Policies and procedures are an essential component of any organization.
Why Policies and Procedures are Important
- Policies address pertinent issues, such as what constitutes acceptable behavior by employees.
- Procedures clearly define a sequence of steps to be followed in a consistent manner, such as how the organization will respond to any policy violations.
However, these policies and procedures are rendered useless if employers neglect to adhere to them or fail to effectively communicate them to employees. Utilizing both policies and procedures during decision-making ensures that employers are consistent in their decisions.
Properly addressing employee behavior begins by training managers on workplace policies to ensure a thorough understanding of what behavior is acceptable and how to remediate inappropriate behavior. Further, if your organization is able to show that efforts were taken to educate and train employees, through policy and education, it can provide an affirmative defense in the event that a case, such as the one above, may go to litigation.
The latter part of this dilemma, communication with employees, should be easy to address. Your organization should provide easy access to policies and trainings, and utilize tools to document employee communication and attestation. To bring it full circle, it is important for compliance officers to develop a communication procedure so your employees aren’t left in the dark regarding important policies.The more difficult piece for employers is to adhere to and enforce the established policies and procedures.
The following case study demonstrates how an organization failed to act in accordance with their policies and procedures, and the significant impact this failure had upon the organization.
An employee of a large organization reported to the organization’s Human Resources (HR) department that a co-worker “harassed” her based on her gender.
The HR Manager concluded that an internal investigation should be conducted to understand the details of the allegation. The HR Manager further concluded that a third-party was best suited to conduct such an investigation.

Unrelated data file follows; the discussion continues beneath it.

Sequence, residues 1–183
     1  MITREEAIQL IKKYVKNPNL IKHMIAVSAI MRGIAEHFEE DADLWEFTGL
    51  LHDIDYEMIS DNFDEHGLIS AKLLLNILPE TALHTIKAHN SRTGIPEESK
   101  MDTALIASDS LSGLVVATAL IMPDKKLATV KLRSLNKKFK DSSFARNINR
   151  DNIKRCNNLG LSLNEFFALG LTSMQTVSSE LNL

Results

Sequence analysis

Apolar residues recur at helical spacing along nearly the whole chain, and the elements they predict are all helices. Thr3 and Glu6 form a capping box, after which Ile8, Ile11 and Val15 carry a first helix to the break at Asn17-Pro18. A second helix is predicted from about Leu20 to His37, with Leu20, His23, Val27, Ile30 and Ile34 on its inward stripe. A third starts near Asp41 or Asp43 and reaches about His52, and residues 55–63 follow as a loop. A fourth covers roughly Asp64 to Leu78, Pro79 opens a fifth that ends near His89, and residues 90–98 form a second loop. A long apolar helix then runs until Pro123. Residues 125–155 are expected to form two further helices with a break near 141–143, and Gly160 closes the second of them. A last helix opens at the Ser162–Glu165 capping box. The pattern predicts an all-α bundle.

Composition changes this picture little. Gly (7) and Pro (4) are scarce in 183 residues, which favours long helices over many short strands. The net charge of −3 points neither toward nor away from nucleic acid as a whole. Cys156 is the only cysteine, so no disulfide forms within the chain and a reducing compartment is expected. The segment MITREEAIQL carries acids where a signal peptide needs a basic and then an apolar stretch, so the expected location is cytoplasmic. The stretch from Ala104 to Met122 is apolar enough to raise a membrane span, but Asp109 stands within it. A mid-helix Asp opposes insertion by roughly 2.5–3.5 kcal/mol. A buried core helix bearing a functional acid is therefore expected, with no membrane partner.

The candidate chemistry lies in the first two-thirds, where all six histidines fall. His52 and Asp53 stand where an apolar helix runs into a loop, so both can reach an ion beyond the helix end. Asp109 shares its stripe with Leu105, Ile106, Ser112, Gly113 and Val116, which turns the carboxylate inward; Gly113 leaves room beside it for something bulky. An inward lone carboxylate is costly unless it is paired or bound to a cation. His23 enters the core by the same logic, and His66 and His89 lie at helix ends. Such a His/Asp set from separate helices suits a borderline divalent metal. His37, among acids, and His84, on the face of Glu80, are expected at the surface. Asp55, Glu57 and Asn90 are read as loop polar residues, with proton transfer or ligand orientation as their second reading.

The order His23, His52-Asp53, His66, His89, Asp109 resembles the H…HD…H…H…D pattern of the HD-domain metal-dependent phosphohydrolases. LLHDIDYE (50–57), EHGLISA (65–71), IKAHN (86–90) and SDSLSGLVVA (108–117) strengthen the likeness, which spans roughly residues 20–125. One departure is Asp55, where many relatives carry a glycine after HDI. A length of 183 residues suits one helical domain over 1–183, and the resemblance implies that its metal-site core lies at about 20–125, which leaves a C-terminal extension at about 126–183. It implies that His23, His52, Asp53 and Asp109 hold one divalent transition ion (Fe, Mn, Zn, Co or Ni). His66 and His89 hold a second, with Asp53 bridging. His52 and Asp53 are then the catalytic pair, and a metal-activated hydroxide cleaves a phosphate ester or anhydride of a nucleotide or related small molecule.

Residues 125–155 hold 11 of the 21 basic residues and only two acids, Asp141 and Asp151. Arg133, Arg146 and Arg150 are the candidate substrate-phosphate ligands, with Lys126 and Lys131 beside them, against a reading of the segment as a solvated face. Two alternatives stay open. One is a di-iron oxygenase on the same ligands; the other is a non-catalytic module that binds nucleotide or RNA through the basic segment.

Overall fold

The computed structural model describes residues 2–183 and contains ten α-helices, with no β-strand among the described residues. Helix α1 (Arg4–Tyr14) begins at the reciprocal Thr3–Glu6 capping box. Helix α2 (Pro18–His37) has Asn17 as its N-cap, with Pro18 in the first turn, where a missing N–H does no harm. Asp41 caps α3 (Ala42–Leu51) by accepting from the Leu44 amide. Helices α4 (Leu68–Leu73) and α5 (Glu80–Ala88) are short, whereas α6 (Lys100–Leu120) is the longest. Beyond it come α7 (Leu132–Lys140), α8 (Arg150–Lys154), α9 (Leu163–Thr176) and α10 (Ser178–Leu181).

This decision is consistent with best practices, as a third-party can often present itself as more neutral than an internal investigator can. For that reason, employees may be more inclined to be forthcoming with information.
Moreover, because the alleged harassment and other problematic behavior on the part of the accused had spanned several years and encompassed a Title VII claim, the organization lacked the necessary time and resources to conduct a thorough investigation.
The organization agreed with the HR Manager and contracted a third-party organization to conduct an investigation into the allegations.
An on-site investigation was conducted in which numerous employees were interviewed and documentation was reviewed.
During the interview process, it became clear that there was a consistent theme that the accused individual has a history of problematic behavior spanning the last several years. The problematic behavior included both verbal and physical altercations with fellow co-workers, insubordinate behavior, and numerous customer complaints.
Further, interviews revealed that many employees had concerns for their own, and other employees’ safety because of the frequency and severity of the accused employee’s behavior.
While employees were able to clearly articulate these concerns, the individual’s personnel file contained minimal information regarding disciplinary behavior to correct the described issues. Instead, the employee had been transferred among several departments over the past seven years, during which each new manager gave the employee “the benefit of the doubt,” or a “clean slate.”
THE UNDERLYING PROBLEM
This case clearly exemplifies that this organization, rather than address the employee’s problematic behavior, ignored it and simply transferred the employee when a problem arose.
Further, despite having clearly articulated written policies and procedures regarding discipline and employee conduct, the organization did not respond in accordance with these policies.
Specifically, the accused employee was involved in a physical altercation within the first 90 days of employment. While there is a no-tolerance policy regarding violence in the workplace and the behavior was sufficient cause for termination, the employee was suspended and then transferred to another department.
The employee was allowed to continue his employment, despite numerous behavioral problems, most of which were undocumented.
Little or no corrective and disciplinary action was taken for any of the documented incidents.
THE END RESULT
This organization invested significant resources in engaging a third-party to investigate an employee who should have been terminated years earlier. Based upon all information gathered by the external investigators, the organization terminated the accused employee; however, the effort and expense to the organization were significant.
The organization spent tens of thousands of dollars to terminate an employee, whom they had sufficient grounds to fire only months into his employment.
This case illuminates two poignant issues: organizations need clear and consistent company policies regarding acceptable employee behavior; and organizations need to enforce workplace policies when employees fail to comply with the acceptable standard of behavior.
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